New York City-based vocalist Naama Gheber
released her debut recording, Dearly Beloved
(Cellar Music) in 2020, just before the global COVID-19 pandemic. With live entertainment brought to a halt, Gheber found herself with time on her hands and no way to promote her considerable talent in live performance. Israeli by birth, Gheber was an enfant terrible
who ascended quickly professionally. After being trained at the Center for Jazz Studies in Tel Aviv, Gheber was accepted into the jazz program at New York City's The New School For Performing Arts, where she soon honed her craft and began performing throughout the city, accumulating valuable experience as well as critical attention. Just starting to reach professional escape velocity, Gheber recorded and released Dearly Beloved
, and then the bottom fell out.
The debut recording generated positive attention, but that did not replace the singer promoting her wares in a live setting. Drawing from Cellar Group alumni, Gheber teamed up with pianist Ben Paterson
, bassist Neal Miner
, and drummer Evan Sherman
early in 2022 to record seven compositions thoughtfully chosen to show off Gheber's freshly conservative ballad singing. Her choice of the traditional jazz piano trio allowed a sonic environment where she would not be competing with other melody instruments, a circumstance both fortunate and challenging, where Gheber had no other choice but to stand and deliver. And did she ever.
Gheber made another strategic decision to release five of the seven selections as singles monthly throughout the summer and fall with the full EP to be released in November. Reviews of these individually released songs are cited at the end of this article, leaving two songs: the title cut and "Dreaming of You" for consideration here. "If I Knew Then (What I Know Now)" was composed and published by Dick Jurgens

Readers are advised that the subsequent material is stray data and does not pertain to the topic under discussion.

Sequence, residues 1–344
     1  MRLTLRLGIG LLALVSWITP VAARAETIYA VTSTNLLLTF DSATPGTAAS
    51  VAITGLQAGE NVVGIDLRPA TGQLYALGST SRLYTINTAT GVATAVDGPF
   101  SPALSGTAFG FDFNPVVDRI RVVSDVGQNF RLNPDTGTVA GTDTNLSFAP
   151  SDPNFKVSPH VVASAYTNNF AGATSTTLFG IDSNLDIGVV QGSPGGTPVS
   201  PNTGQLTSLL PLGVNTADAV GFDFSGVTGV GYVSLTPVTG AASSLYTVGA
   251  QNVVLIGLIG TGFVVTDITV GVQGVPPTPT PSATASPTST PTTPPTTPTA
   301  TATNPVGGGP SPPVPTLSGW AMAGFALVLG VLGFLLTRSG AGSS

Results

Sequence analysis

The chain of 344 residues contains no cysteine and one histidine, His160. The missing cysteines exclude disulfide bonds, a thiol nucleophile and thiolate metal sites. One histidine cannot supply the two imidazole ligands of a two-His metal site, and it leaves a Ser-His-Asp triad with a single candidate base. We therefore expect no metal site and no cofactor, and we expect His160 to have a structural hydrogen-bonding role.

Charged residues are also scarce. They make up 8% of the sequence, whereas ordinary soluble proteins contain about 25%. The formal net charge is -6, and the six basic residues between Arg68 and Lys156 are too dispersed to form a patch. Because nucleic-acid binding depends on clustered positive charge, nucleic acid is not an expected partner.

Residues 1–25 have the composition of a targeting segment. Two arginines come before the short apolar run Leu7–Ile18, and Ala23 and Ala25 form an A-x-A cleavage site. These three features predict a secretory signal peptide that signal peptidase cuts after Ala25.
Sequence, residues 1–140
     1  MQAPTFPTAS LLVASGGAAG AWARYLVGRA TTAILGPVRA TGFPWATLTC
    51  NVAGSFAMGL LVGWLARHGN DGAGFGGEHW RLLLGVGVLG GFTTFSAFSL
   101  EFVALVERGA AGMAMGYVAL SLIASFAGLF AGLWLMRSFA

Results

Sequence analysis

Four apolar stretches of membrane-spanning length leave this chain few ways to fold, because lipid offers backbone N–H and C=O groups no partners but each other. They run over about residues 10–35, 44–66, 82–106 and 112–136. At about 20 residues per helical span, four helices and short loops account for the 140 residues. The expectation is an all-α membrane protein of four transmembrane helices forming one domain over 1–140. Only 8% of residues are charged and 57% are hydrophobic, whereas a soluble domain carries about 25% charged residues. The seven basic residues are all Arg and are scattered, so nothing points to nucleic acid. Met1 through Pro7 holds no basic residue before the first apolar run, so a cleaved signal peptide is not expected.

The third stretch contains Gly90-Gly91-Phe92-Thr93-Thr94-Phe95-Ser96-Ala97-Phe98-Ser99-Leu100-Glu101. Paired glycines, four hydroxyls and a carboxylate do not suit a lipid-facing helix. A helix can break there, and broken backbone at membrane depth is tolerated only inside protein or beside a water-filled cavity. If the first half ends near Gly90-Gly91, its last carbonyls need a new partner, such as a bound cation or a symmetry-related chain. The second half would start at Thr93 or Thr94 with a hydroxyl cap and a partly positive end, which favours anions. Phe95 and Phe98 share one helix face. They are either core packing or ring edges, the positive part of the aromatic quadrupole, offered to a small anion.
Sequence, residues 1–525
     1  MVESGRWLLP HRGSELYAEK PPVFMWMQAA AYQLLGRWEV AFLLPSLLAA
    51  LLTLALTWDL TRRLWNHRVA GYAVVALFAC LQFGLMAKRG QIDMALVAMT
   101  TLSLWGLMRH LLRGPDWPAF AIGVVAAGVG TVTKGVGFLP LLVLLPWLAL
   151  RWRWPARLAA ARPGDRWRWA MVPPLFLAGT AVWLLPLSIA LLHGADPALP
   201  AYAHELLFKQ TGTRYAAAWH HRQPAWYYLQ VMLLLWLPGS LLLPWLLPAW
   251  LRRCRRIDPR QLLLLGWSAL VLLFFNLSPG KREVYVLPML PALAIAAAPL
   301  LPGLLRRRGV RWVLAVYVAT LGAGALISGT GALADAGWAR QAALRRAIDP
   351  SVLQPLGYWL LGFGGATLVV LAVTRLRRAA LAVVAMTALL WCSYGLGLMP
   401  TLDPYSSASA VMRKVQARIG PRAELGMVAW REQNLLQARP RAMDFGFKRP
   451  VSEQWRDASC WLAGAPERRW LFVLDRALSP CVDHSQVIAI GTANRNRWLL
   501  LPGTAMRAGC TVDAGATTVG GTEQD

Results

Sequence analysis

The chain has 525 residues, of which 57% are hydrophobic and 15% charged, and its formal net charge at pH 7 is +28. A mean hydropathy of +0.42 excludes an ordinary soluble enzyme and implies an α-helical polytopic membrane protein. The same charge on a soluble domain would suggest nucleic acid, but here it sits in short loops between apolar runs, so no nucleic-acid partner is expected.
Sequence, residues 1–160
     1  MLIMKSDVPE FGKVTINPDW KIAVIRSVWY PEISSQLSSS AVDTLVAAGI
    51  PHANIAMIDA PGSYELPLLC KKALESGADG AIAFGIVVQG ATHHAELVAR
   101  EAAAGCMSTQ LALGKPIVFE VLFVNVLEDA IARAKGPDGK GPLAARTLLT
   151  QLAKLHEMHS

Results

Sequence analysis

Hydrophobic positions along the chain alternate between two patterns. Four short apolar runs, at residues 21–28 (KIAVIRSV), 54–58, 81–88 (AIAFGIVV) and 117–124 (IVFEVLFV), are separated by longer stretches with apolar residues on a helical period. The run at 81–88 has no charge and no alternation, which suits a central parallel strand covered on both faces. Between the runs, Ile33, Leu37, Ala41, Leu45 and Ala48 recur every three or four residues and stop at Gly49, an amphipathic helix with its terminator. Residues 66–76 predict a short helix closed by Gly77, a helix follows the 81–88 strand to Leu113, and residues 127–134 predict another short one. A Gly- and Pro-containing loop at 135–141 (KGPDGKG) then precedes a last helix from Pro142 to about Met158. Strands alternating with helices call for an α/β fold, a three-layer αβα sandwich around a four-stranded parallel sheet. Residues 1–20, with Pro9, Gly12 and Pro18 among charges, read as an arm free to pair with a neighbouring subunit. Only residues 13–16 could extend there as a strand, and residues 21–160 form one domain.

and Eddy Howard in 1939, with their version charting briefly the same year. Bing Crosby
went on to record the song on February 9, 1940, with John Scott Trotter and His Orchestra, placing the song into the canon of the Great American Songbook. Gheber displays a knack for arranging the piece, directing the trio, and its tone for the recording. Gheber's arranging proves dramatically sophisticated and Paterson manifests as empathetically aligned with the singer in providing refined and understated support and soloing.
"Dreaming of You" fits snuggly into Gheber's survey of ballad styles. Composed in 1934 by Jimmie Lunceford
, the song would become a performance staple for Helen Merrill 20 years later. Here, the ballad is presented as a bass-voice duet between Miner and Gheber, one that sets a standard for swing in a confined space. The singer is in melodic command while Miner steers the harmony. Gheber sings with light shades of Anita O'Day
coupled with Billie Holiday
seasoned with a tincture of the corner bar from "Lush Life."
There is a place for this kind of jazz singing. It is like Brahms to Beethoven, a keeper of the flame necessary to inform new generations of how the music sounded at the beginning: simple, inventive, and stunning.
Single Selection Releases: "Old Mother Hubbard" "I'm A Fool To Want You" "I'm A Fool To Want You" "You're Driving Me Crazy" "Dream Dancing" "The Very Thought Of You"
If I Knew Then (What I Know Now); I'm A Fool To Want You; Old Mother Hubbard; Dream Dancing; The Very Thought Of You; Dream Of You; You're Driving Me
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